Please identify and deconstruct a scene in the film Hell House that demonstrates Clifford Geertz’s notion of “deep play.” You can use (if you’d like) some of the discussion of the film and play in Ann Pellegrini’s article to assist you.
In his article on the art of Balinese cockfighting, Geertz draws on Bentham’s definition of deep play, which he reproduces as “play in which the stakes are so high that it is, from his utilitarian standpoint, irrational for men to engage in it at all.” Thus, there are two components to deep play which must be addressed: the activity in question must be a form of “play,” as defined by Bentham and Johan Huizinga (in Homo Ludens), and it must have these high stakes attached. Hell House contains many examples of deep play, but the one I will focus on here is the infamous “rave scene,” in which teenager “Jessica” attends a rave, is coerced into taking rohypnol (commonly known as the date rape drug) and then raped repeatedly by multiple men (shown offstage). As a consequence, she rejects Jesus and commits suicide by slitting her wrists, while aided by a demon.
The rave scene can be broken down into the two parts needed to be justified as “deep play” thusly: first, the scene is a prime example of play. Dancing itself is seen as a quintessentially playful activity–a group of people get together and move their bodies in rhythm to music in order to release stress, court mates, or feel connected to each other. The costumes, set, and lighting of the rave scene contribute to the fun and playful atmosphere. In fact, when asked about their favorite part of the Hell House, child actors responded with glee about the rave scene, as Pellegrini notes: “One young girl unhesitatingly replies: ‘Rave scene’s the best, because you get to dance.’ There is vocal assent from her peers.” Considering that many of these children don’t often get to dance in a situation like this, the rave scene at the Hell House may be their only chance to experience this kind of play–making it all the more important and worthwhile.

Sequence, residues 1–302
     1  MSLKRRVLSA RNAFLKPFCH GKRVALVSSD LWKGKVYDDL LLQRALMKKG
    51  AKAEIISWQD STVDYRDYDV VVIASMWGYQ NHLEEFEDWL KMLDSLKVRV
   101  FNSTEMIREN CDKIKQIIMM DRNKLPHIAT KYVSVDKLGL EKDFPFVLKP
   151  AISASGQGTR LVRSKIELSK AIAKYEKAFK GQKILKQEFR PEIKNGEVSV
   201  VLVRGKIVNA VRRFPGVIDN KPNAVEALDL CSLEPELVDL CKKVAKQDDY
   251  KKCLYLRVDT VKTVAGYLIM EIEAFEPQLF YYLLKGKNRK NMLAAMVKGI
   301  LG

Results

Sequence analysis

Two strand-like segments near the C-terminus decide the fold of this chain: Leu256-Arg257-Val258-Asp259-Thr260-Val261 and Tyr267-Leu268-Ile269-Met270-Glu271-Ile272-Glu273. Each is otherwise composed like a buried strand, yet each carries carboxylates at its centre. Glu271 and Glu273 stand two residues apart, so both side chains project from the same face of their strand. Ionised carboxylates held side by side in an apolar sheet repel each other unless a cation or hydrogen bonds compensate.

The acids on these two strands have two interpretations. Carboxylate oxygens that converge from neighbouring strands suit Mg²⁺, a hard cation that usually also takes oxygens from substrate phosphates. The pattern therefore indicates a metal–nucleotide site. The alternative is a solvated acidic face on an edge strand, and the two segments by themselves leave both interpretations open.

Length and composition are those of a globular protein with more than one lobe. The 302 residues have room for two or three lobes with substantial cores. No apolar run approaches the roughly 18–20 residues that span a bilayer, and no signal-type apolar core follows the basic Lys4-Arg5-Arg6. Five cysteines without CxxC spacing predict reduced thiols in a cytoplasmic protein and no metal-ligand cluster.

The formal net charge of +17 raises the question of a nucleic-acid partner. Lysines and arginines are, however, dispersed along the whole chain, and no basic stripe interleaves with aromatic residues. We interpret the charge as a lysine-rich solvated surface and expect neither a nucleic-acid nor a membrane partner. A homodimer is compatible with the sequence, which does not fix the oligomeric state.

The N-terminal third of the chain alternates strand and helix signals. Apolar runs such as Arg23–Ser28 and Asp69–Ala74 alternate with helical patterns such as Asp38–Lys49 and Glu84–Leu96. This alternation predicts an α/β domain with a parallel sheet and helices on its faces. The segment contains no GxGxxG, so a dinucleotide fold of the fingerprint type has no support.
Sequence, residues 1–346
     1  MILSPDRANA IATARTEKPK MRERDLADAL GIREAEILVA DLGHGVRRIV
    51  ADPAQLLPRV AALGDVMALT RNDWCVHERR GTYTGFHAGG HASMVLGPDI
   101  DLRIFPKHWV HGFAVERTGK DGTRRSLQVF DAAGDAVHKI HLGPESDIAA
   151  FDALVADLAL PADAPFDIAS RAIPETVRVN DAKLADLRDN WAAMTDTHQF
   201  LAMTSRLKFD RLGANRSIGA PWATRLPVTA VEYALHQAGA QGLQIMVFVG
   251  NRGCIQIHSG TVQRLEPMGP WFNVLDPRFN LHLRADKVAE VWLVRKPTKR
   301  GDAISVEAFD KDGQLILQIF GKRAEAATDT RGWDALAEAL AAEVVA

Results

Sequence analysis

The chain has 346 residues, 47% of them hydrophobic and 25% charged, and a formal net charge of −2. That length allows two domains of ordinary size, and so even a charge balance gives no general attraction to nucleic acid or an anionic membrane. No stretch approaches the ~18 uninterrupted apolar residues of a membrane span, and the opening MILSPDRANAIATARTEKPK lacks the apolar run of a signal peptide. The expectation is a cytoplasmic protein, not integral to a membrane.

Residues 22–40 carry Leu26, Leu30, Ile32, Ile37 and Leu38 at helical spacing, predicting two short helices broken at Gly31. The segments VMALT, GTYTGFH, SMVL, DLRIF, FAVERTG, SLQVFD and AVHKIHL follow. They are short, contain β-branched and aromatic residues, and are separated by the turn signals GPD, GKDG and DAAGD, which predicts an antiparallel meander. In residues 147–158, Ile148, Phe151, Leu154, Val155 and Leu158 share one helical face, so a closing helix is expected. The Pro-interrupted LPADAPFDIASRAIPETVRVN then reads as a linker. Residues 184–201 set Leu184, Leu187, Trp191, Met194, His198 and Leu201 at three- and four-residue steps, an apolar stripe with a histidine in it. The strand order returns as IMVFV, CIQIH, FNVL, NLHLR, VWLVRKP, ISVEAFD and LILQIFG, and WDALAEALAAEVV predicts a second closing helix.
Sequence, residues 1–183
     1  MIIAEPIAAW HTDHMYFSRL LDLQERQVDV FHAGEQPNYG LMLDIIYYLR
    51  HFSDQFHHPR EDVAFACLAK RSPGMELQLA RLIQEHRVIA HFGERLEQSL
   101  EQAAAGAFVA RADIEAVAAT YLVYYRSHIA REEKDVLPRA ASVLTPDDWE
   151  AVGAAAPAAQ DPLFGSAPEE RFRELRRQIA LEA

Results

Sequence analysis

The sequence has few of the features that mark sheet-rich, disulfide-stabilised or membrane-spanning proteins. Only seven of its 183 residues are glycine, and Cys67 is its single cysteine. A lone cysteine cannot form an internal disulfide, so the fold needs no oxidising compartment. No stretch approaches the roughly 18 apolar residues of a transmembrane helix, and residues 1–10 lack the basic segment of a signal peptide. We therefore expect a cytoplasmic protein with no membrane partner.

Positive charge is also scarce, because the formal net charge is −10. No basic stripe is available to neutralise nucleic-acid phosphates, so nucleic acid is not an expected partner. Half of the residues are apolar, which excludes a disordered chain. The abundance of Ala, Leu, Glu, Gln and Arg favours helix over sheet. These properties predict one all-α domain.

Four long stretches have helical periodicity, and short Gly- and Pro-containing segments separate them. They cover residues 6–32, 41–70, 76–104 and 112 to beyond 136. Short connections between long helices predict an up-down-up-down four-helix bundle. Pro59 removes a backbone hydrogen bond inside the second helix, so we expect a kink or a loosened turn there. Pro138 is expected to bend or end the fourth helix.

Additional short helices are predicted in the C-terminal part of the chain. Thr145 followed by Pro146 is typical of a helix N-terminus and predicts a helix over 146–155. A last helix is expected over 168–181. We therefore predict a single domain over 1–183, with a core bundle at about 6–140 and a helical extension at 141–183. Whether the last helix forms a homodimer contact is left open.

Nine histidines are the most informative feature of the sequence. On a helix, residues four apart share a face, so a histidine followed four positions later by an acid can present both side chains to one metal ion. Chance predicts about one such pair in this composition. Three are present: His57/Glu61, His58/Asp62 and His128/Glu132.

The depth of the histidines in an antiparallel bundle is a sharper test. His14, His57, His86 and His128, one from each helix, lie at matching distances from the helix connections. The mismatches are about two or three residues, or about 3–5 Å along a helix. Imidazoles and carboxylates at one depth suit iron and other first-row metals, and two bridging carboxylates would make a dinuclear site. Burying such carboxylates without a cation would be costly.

But this is precisely where the danger of the scene comes into play. The high stakes required to categorize the rave scene as deep play lie in the looming threat of mimesis that comes with acting out a rave. The actors are experiencing something they never have come into contact with: dancing in a rave. They can trust that the experience is somewhat accurate, considering that the designer and “DJ” of the scene used to be a frequent attendee of raves (before he found Jesus). Though their goal is to show the dangers of dancing at raves and convincing others to accept Jesus in order to protect themselves from those dangers, there is a real threat for the actors of falling victim to the rave. Pastor Tim Ferguson and other adults understand that dancing in a rave scene at Hell House may very well serve as a “gateway drug” to attending actual raves. This is why Ferguson rejects the idea of having two women hit on each other during a “gay bar scene,” as he notes that with the amount of time rehearsing the Hell House, it’s possible that the two actresses could find feelings for each other in reality. The stakes of performing in the rave scene are high, but the fun and the necessity of performing are higher. Thus, the rave scene is deep play.